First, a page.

Road Trippin’ and Storm Chasin’ in the Badlands Part 1
The Mild-Mannered Explorers did it. You can do it! An exploration of one of the state’s high points led to a photographic chase of a magnificent storm system.
The pair watched the weather forecast for days and finally settled on a Tuesday morning to road trip to the southwest corner of North Dakota. On her bucket list: Explore Sentinel Butte, capture the green landscape, blue skies, and puffy clouds. They got all of that and more.
Offset work schedules make Tuesdays good days to go road-trippin’. So, they did.
“We need to get some photos of the green,” she advised. “And if we can get blue skies and white clouds, I think the photos will be excellent.”
Of course, she was right. She was always right.
Mid-morning, they loaded up the 4-wd Chevy with food, drinks and camera gear to last a day or two on the road. Always be prepared.
Headed west on the Interstate, the cloud cover appeared thick, but as the day heated up, the clouds melted away. Quick stops at Dickinson and Belfield to say “hi” to friends of the explorers and the badlands that are beautiful, then west on old Highway 10. 60 years ago, this was a major transcontinental highway until Interstate 94 superseded the two-lane blacktop.
Once at the town of Sentinel Butte, they repeated a tour through town they’d done several times in the last few years. Still, there may be some changes they hadn’t seen. There were none. “I don’t think there’s any place here to get a snack or a drink,” he advised. “Let’s think about a picnic down the road.”
One butte. Two plateaus. Saddle between.
“Good,” she exclaimed. “I like picnics and tailgate stops.” She winked at him with a teasing smile.
They headed south out of town, then up the road to the top of Sentinel Butte. It’s listed as one of the highest points in the state, about 75 feet shorter than high point #1, White Butte.
The heat settled in on the couple, but once on top, a breeze helped comfort the hot explorers. In the clouds, there was only a hint of the building energy coming their way.
They grabbed their cameras, strolled through the prairie grasses to the northern edge of the first and largest plateau on the Butte. Three miles away, the town of Sentinel Butte lay protected in the hills. Sentinel Butte storms pass by but rarely impact the town.
As hoped, the plentiful white clouds puffed across the blue sky. Their shadows oozed across the contours of the rugged earth.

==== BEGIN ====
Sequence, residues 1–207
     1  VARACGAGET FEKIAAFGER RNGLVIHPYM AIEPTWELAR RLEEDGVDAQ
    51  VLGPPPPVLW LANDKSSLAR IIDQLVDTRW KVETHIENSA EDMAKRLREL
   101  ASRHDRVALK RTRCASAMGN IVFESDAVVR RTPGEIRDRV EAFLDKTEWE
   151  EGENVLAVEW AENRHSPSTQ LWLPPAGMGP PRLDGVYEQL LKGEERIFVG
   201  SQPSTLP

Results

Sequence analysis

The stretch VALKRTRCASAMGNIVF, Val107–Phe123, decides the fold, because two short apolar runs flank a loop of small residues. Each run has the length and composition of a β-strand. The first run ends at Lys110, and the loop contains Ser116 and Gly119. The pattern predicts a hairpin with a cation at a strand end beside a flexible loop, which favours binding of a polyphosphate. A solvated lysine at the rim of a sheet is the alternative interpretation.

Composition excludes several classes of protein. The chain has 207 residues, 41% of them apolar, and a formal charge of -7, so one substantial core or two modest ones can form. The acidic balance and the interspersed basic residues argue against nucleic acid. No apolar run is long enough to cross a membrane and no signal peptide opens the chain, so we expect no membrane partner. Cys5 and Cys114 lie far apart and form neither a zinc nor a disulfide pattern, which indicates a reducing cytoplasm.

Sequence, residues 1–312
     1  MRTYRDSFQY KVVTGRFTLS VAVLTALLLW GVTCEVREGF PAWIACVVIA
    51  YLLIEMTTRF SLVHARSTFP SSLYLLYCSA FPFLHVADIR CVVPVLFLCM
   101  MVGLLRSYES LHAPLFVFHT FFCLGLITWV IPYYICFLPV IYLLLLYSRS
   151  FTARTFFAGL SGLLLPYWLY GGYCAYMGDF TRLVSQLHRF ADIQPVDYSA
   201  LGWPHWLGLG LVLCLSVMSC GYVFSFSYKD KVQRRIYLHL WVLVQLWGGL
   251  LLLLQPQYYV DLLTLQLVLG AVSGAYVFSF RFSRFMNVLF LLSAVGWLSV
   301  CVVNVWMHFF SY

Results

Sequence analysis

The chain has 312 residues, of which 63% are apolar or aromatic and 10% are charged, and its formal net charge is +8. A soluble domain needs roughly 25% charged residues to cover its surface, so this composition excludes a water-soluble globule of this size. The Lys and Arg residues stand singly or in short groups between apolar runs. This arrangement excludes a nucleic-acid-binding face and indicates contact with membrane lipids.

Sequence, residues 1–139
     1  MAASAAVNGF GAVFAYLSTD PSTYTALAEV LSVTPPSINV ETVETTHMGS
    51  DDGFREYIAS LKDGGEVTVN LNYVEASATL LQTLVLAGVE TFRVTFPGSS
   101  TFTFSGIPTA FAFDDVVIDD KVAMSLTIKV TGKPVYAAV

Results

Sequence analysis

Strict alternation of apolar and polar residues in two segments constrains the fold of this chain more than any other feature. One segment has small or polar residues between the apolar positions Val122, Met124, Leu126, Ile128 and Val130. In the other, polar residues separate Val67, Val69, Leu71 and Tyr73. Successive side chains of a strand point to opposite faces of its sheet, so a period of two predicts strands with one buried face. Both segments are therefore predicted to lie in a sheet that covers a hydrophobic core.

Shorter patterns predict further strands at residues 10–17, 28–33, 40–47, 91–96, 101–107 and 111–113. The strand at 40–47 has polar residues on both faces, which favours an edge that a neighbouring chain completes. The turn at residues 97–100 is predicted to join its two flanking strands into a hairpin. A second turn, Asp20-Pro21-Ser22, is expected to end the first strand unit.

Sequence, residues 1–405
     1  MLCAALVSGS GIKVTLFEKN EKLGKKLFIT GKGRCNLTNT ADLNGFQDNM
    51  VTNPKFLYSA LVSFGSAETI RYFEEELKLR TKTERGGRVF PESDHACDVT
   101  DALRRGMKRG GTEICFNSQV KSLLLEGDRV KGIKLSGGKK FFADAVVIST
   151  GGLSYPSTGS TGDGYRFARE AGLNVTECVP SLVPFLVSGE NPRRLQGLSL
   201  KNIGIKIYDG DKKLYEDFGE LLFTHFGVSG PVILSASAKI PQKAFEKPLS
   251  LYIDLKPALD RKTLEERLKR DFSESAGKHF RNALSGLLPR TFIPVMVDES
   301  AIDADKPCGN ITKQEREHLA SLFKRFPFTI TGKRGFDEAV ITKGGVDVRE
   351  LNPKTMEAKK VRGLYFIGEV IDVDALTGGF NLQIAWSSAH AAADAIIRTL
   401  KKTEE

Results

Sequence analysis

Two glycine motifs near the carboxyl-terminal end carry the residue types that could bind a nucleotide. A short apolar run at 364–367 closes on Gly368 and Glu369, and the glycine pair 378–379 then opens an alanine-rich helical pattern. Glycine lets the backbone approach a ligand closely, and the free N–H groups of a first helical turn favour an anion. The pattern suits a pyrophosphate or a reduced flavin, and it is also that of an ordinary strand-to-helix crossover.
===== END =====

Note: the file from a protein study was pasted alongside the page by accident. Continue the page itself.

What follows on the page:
It’s a rugged hill with a smooth top
“Look,” he pointed out. “Here’s where the old road used to go.” The slash across the face of the butte left a scar hinting at earlier days when local drives could come up on one side to a plateau, skirt the ravines and head down the other plateau. “I don’t think I’d try it now,” he scowled. The gash across the hill was narrow, rocky and unpredictable.
“Let’s hike to the other end.” She was always up for a bit of exercise, even when the temperature was edging past 80 degrees.
He attempted to argue, but then shrugged and agreed. They shed a couple of layers of clothes that hours earlier seemed appropriate. Now too warm. They stashed small bottles of water in his hot weather vest and took off to the east to get a better view of Square Butte and the Custer Trail below.
They dipped down the saddle between the two plateaus, and up the other side. At the far eastern end, the butte became very rocky – good for rattlesnakes. So, they picked their way cautiously across the ridge and saw not one of the poisonous reptiles.
Sentinel Butte storms
The sun was hot and their skin tone showed the redness of summer. The hike back west to their truck was quicker than the first leg, the hike east.
They dropped the tailgate of the pickup to munch on chips and an ample amount of recharging liquid while the wind cooled their skin. “I think the wind is increasing,” she observed.
“It is, and so is the size of those cumulonimbus clouds. They’re growing, and I bet they’ll be pounding the spread of the landscape down south.” For the last hour, the sky rumbled with distant thunder, deep and extended grumbling from the south.
That was the direction they had planned to travel, but now questioned the wisdom of heading in to a storm path. “I think we can do it. In fact, let’s head to the Three V crossing to see the change from the end of winter when we were there.
“I dunno,” she questioned. “If it’s storming and raining don’t you think the water will be too high to cross?”
“Not really,” he assured her. The crossing is built up enough to handle any water flow that’s not an actual flood like last spring. Most of the heavy water that’s coming downstream is coming down the Missouri River and the Yellowstone. The Little Missouri River will be fine.”
The way down the hill
The Mild-Mannered Explorers packed their cooler, slammed the tailgate closed, and took the road back down the side of the butte.
The drive down the side of Sentinel Butte is not a drive like anywhere else in North Dakota that we know of. Here’s how it looks:
At the bottom, they planned their route with a topographic map and followed the clouds building to be atmospheric skyscrapers.
“Wow. This light is perfect,” she said.
Tomorrow, Part 2. Lots more pretty pictures!
And tomorrow, you, fine reader, will see what the Mild Mannered Explorer meant in Part #2. Green fields, red scoria roads, massive clouds make great photographic memories.
Road trips through southwestern North Dakota are visually stunning. Almost no one knows about the beauty and history of the region. Get a glimpse here.
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